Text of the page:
Our resident experts answer readers’ questions regarding borrowing when you’re over 50.
BORROWING IN YOUR 50'S
Question: We’re thinking of investing in property but we may have left it too late. My husband is 55 and I’m 48. Our house is fully paid off and we have a fully paid commercial property that hasn’t grown in value over the last 10 years. How difficult would it be to get financing at this stage? Is there a cut-off point when the banks stop lending because you’re too old?
Answer: Let’s put your mind at rest right now. Age is not a factor when investing in property. However, if you need to borrow as an owneroccupier, such as if you want to borrow to buy your own home, then age is most definitely a factor. The banks’ policies are starting to work against you over the age of 35. Since the responsible lending laws were enacted, banks won’t allow you to have an owner-occupier loan beyond the age of 65. So if you were 42, for instance, you could not avail yourself of a 30-year loan to buy your own home; you could only qualify for a 23-year loan. This makes a massive difference to repayments. Let us say a 42-year-old wanted to borrow $400,000. He would pay $372 per week (assuming 5% p.a. interest rate at approximate current rates) for a 30-year loan, and $422 per week for a 23-year loan. 7.25% p.a., which is the long-term average, then: Repayment for a 30-year loan = $630 per week Repayment for a 23-year loan = $687 per week
– Catherine Lezer
Question: Following your article in the March 2014 issue, I checked my VedaScore. I got the reply, “You do not have sufficient credit activity on your credit file to calculate a score”. I need to know whether this is better or worse than a good credit score, and, if the latter, what I can do about it.
I currently have a mortgage on my PPOR, three investment properties in my own name and one in my SMSF. I plan to continue purchasing investment properties, so I want my credit rating to be as good as possible. I have no other debts or loans and pay all my bills on time. I have only one credit card, and whenever I use it I pay off the money quickly (usually the same day). Do I need to worry about not being given a rating? And what can I do to ensure I have a good one?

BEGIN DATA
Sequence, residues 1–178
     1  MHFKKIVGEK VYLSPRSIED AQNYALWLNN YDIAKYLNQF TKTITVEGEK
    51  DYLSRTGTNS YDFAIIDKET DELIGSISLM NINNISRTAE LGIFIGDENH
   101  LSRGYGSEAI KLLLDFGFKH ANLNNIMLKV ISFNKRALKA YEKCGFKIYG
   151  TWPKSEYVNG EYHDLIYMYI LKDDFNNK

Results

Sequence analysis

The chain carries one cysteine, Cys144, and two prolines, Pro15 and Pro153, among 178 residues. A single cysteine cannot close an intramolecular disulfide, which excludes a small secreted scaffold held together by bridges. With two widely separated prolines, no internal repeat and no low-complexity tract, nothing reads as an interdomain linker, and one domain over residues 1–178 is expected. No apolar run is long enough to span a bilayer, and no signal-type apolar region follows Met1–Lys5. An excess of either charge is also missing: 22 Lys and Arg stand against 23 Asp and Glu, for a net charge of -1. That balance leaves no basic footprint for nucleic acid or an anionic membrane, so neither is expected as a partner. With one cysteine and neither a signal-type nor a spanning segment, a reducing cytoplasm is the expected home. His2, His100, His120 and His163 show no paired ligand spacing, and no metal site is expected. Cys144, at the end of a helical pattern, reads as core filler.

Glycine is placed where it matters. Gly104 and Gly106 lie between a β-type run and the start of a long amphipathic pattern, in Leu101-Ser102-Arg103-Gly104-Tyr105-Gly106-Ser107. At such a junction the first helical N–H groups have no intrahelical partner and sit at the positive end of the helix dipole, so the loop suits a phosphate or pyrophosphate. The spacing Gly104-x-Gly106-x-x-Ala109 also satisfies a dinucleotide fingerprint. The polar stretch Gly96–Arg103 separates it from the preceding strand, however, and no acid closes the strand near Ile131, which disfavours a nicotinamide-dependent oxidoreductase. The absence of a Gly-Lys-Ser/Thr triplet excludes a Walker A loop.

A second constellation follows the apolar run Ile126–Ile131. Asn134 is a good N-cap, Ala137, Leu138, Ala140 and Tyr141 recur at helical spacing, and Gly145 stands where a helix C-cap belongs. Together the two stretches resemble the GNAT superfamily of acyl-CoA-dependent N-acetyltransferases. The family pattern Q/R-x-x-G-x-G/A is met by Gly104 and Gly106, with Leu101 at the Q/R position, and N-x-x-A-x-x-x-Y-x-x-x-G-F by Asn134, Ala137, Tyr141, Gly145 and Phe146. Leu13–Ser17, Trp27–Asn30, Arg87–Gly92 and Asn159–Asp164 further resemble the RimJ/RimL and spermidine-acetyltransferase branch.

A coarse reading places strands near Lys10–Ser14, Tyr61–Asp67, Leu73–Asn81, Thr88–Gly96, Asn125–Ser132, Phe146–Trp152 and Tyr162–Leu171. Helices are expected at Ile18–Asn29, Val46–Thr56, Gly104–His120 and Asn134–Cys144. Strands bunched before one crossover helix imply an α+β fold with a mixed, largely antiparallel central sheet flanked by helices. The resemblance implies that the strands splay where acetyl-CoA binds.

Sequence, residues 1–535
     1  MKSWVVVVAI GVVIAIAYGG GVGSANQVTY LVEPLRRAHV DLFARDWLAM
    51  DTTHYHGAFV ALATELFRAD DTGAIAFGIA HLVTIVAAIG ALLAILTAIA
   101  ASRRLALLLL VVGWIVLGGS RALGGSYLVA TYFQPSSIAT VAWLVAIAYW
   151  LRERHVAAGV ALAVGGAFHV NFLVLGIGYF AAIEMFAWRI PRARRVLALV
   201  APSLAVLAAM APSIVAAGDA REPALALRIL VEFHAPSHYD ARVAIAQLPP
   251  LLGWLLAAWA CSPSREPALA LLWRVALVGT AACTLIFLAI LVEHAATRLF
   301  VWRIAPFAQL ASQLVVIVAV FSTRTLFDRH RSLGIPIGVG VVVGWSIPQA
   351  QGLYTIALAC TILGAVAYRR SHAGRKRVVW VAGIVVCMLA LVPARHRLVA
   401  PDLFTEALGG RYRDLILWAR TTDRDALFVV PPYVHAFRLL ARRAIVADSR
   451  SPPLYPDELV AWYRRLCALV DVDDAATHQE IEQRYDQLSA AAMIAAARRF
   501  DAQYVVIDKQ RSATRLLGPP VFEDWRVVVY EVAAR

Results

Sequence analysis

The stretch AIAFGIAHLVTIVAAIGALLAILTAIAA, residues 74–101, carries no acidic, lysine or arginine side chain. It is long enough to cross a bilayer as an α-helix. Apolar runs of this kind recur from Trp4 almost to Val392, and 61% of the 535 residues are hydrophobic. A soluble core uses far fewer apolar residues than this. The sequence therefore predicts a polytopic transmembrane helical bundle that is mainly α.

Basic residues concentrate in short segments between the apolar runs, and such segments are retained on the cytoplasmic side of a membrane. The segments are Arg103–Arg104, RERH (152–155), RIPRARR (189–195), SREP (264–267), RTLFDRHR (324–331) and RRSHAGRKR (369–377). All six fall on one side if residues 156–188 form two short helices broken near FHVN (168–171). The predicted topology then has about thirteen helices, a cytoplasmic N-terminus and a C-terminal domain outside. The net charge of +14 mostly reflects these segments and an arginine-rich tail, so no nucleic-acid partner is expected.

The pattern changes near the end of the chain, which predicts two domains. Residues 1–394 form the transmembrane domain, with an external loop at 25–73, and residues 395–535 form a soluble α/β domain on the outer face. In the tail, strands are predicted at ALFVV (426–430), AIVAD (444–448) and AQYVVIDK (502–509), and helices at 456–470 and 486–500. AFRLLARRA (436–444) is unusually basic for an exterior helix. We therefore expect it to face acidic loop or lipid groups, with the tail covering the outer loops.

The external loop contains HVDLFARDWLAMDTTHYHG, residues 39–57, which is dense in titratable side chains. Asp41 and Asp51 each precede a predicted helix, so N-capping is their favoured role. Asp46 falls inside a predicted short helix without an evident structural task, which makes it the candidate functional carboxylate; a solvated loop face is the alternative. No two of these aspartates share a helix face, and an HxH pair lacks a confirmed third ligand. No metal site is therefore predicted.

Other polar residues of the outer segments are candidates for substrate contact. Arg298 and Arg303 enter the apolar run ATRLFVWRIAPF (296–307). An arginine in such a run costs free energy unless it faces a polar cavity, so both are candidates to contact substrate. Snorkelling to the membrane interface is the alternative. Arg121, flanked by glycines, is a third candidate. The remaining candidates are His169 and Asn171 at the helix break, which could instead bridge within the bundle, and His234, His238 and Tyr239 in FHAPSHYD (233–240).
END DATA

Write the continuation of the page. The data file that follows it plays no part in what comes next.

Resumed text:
Answer: There could be a couple of reasons why you have received the response “insufficient activity to calculate a score”. If you made applications for the loans more than five years ago, then they will have been deleted as by law this information can only be held for five years.
You will still have a credit report and, as your file has been established for some time and with no adverse history (eg defaults), when you next apply for credit there will be sufficient information for a VedaScore.
Based on previous experience, your VedaScore should be fairly favourable, depending on the credit you apply for. If you have applied for credit in the last five years it may be that it was at a different address and your new address has not linked to the previous one. To help in this situation you should contact Veda to supply your address information so that the details can be linked and a VedaScore can be generated.
Under the new comprehensive credit reporting system commencing 12 March 2014, your current credit accounts will become part of your credit report and will contribute to your VedaScore, even if you haven’t had any credit applications in the last five years. This is one of the benefits of comprehensive credit reporting as it is a much more balanced system giving a clear picture of your creditworthiness.
– David Grafton
Catherine is a personal mortgage advisor at Smartline.
David is the executive general manager, credit risk and advisory services, Veda.
Disclaimer: The views provided are of a general nature and should be considered as general information only. This is not financial advice and it is not to be acted upon without advice from a qualified professional who understands your personal circumstances.
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